The first time I read “slacked” in Kim’s novel “Every Which Way But Dead.”, I tried to correlate “loosening the pressure” with the scene. Given the high-tension story line, some loosening was most welcome. But no, the word was supposed to be “slaked,” as in relieved of thirst. (Blood, in this case.)

Once is a typo. But there were at least three instances. And I found myself anticipating the wrong word’s next appearance on the page.

Sorry, Kim, for picking on you for this. It’s not just you, rest assured. Even e-book versions of existing books I find containing both typos (weird, right?) as well as incorrect or just plain wrong word splitting. Sure, reader software might be to blame, but e-book converting software does mangle texts by inserting font changes in inexplicable places[2]. Ang again, publishers need to have skin in the game to ensure that they understand the technology they’ve adopted, at least to the extent they can do QA on their own work.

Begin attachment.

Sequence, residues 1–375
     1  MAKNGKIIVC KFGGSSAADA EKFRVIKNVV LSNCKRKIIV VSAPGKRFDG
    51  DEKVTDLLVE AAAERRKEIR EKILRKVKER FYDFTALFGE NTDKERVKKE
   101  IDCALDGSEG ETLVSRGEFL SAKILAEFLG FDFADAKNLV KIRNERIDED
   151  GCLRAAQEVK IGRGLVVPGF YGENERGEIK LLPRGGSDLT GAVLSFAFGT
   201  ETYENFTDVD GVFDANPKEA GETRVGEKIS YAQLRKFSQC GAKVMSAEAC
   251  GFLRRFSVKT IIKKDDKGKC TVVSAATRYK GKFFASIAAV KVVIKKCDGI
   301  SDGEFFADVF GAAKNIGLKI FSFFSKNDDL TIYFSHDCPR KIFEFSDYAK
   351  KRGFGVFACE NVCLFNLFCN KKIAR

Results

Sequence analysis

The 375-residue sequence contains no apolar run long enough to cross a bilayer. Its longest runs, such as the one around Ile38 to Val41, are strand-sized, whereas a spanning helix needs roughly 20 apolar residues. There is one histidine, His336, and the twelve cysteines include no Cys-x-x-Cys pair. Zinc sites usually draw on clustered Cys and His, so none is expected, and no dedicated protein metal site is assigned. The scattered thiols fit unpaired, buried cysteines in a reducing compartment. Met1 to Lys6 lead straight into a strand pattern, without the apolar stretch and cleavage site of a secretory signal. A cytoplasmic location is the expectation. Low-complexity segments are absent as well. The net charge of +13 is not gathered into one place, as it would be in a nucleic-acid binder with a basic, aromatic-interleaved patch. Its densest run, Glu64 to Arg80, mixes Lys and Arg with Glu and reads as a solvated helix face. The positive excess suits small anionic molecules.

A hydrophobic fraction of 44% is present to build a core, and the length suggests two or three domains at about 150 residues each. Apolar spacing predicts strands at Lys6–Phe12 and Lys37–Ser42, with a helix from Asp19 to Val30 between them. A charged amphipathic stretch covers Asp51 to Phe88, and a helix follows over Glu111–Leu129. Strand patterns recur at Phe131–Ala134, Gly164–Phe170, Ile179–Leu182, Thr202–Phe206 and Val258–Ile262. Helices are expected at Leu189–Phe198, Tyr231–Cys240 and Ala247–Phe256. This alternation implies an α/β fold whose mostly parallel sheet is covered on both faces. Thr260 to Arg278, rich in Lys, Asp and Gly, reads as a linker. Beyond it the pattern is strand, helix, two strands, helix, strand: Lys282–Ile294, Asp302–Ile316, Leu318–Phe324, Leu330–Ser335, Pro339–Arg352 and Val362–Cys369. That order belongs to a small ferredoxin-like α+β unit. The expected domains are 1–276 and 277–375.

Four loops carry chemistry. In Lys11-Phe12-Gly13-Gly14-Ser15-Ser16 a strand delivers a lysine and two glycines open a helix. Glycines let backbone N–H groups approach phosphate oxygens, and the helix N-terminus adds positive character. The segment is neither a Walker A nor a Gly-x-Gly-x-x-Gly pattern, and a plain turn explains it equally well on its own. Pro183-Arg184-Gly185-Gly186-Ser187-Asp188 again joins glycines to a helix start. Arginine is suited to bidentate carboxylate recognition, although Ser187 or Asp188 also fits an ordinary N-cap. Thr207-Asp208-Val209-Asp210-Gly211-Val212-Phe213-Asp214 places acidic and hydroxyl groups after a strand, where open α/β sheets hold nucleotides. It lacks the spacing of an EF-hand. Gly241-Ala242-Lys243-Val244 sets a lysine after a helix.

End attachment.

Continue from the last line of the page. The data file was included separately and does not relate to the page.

Perhaps what bugs me more is that this is the kind of mistake that a paperless editing process can create. I make no assumptions about Kim’s process, but I know that a close visual read by someone knowledgeable in English would catch these. More than that, I know that editors producing 20,000 trade paperbacks were a lot more persnickety about typos fifteen years ago than they are now. Part of it is the wonderfully listened-to urge to give readers what they want. Another is to get the book out there to hit in time for this -Con or another.

As a paying reader, however, I find this slipping in details irritating. It smacks, clearly unintended, of an author losing control over her or his work. Or, as was said in the “olden days,” ‘tossing it over the transom.’

Appearing at a Drash Pit Near You…

I’m a regular contributor to Drash Pit, a Jewish webzine composed of snark triggered by Torah. This month’s issue was devoted to “shunning.” My poem is up there, on the DrashPit.com site.

(Oh, and if you like buttons like the one at the right, check out zazzle.co.uk.)